The Oscar race has a few thrilling races, and a few that are pretty much over. One of those was pretty much over on July 18, 2008. Technically, it took a little longer for Heath Ledger to become a mortal lock for Best Supporting Actor, but once The Dark Knight turned into a megahit, it was official. Now, everyone is ready to give Ledger his posthumous Oscar, with several pundits thinking that the other four nominees don’t really need to show up.
Josh Brolin, Philip Seymour Hoffman, Robert Downey. Jr and Michael Shannon will still be there, to back their movies and bask in the glow of their nominations. But each of them probably do not expect to beat Ledger at all. However, if the circumstances were different and Ledger wasn’t the heavy favorite, who would have a claim to Best Supporting Actor? If Ledger wasn’t nominated, or if he never played the Joker – or even if he was still alive – which other nominee might have been the Best Supporting Actor of 2008?
Assuming Brolin, Hoffman, Downey and Shannon were still nominees in this scenario, the race would obviously be tighter. Each of these actors could stake a claim, and several of them have the star power to take it home.
Michael Shannon would probably be the heavy underdog, though slightly less so in a category without Ledger. Shannon was the sole major nominee of Revolutionary Road, with only a few scenes and far less star power than Leonardo DiCaprio and Kate Winslet. But Shannon’s live wire work stands side by side with Ledger’s for playing crazy, but never quite insane, characters. Still, the Academy was severely turned off by Revolutionary Road for some reason, and if they weren’t going to honor DiCaprio or Winslet, they wouldn’t do it for Shannon.
Robert Downey Jr’s nomination for Tropic Thunder is both a rare and obvious honor. Downey actually got nominated for playing in a comedy, which is a rarity nowadays. Playing in blackface was such a big stunt that even the humorless Academy couldn’t ignore Downey. The nomination is also a collective nod for all of Downey’s work during his latest comeback.The Oscars love a comeback story – which is partly why Mickey Rourke has become an Oscar favorite – so Downey would have had a better shot at his own comeback story without Ledger. If a comedy performance can still win at the Oscars, it would be in a supporting category. But even with no Ledger, Downey would have been a sleeper at best.
Philip Seymour Hoffman is rapidly becoming one of the Oscar’s newest favorite actors. Doubt gave Hoffman his third nomination in four years, and second in a row. With that track record, and Hoffman’s toe-to-toe showdowns with Meryl Streep in Doubt, Hoffman could have been a winner with those factors alone. With Ledger around, Hoffman would have to be the first or second runner-up. Yet without him, Hoffman could probably win another Oscar. However, the majority of buzz for Doubt went to Streep and Viola Davis, with Hoffman earning less enthusiastic raves than usual. Unlike his past nominations for Capote and Charlie Wilson’s War, critics and fans aren’t as head over heels for this Hoffman nomination.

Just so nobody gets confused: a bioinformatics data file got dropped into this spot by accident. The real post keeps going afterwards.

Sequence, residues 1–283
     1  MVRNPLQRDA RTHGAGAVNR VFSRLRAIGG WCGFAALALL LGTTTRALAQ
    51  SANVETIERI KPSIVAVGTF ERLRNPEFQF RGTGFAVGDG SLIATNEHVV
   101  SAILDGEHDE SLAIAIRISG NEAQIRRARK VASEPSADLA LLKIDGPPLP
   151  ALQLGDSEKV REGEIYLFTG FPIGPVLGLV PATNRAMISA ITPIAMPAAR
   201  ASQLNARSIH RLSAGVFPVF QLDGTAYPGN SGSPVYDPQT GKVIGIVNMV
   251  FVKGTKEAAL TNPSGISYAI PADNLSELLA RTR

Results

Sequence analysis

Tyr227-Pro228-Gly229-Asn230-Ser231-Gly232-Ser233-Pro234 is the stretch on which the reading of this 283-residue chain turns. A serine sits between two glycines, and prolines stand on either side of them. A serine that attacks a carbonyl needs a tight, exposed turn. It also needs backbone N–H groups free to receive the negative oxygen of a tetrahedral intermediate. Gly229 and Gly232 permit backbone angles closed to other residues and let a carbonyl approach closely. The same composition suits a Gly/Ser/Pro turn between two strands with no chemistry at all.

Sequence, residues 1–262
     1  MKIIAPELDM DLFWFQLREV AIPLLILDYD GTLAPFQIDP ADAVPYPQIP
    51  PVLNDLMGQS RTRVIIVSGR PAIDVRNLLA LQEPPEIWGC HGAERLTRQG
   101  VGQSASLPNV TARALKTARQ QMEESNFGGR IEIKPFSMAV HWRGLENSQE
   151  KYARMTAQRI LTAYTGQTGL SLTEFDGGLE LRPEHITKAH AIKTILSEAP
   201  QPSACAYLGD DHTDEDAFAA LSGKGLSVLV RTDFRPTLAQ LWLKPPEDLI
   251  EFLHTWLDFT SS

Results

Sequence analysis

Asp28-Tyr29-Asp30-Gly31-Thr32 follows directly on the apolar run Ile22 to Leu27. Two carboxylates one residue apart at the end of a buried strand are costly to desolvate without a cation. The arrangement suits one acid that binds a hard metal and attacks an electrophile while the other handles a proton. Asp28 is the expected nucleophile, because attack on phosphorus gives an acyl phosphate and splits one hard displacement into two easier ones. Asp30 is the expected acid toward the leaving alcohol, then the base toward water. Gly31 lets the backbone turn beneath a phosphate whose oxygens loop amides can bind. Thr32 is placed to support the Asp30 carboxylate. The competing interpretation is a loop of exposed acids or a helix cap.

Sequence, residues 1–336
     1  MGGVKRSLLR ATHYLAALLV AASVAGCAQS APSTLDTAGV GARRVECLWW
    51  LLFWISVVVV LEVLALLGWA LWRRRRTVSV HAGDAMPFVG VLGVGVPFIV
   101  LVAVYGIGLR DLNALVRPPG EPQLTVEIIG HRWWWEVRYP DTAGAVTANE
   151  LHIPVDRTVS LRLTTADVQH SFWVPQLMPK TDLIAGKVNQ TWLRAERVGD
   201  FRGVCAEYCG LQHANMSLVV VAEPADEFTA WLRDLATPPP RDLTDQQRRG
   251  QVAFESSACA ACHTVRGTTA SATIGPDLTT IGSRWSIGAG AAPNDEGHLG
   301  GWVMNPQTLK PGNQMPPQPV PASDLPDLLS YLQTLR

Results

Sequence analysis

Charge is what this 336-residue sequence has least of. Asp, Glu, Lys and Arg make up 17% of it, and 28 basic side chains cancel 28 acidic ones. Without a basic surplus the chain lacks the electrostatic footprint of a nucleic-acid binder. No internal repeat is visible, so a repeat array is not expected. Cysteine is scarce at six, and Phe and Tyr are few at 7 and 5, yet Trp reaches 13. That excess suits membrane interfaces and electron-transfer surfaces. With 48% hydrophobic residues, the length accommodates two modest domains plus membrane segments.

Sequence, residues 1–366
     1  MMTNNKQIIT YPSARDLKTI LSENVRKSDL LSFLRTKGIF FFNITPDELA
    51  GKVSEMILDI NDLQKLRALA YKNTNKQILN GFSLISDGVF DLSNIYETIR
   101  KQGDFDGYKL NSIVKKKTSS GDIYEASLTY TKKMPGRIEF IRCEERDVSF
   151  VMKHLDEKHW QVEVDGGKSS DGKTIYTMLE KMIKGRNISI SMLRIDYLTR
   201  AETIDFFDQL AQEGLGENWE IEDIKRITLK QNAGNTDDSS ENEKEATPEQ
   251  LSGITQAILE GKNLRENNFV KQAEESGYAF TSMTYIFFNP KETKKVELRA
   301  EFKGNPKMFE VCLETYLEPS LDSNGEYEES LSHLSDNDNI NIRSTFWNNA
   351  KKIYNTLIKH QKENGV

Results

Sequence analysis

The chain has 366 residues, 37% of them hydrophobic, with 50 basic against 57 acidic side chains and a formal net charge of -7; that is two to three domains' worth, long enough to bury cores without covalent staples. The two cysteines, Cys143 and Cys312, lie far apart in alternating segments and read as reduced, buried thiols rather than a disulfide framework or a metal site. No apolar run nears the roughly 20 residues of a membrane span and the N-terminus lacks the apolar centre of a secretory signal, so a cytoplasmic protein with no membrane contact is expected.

That leaves Josh Brolin, who was even more overdue for a nomination than Downey. Having starred in half of the acclaimed movies of the last two years, and a few not so acclaimed ones, Brolin finally broke through for Milk. Alongside Best Actor favorite Sean Penn, Brolin could have made a case for Milk having two potential acting wins, if not for Ledger. Like Ledger, Brolin got nominated for playing a villain, albeit a more human and conflicted villain in Dan White. As one of the big “it” new big stars in Hollywood, Brolin would more than likely be considered the favorite in any other year. If Penn and Milk do lose in their categories, a Brolin win could have made up for it.
The reality is, however, that Brolin, Downey, Hoffman and Shannon will likely be background players to Ledger’s legacy this year. But after the hoopla for Ledger dies down, the other four nominees will be better appreciated, rather than be afterthoughts. Brolin’s continued rise, Hoffman’s predictable brilliance, Downey’s daring and Shannon’s breakthrough would be big enough storylines for an entire Oscar category in any other year. In that world, it would likely either be Brolin capping his two-year conquest of Hollywood with an Oscar, or Hoffman cementing himself as an all-time elite with Oscar number two.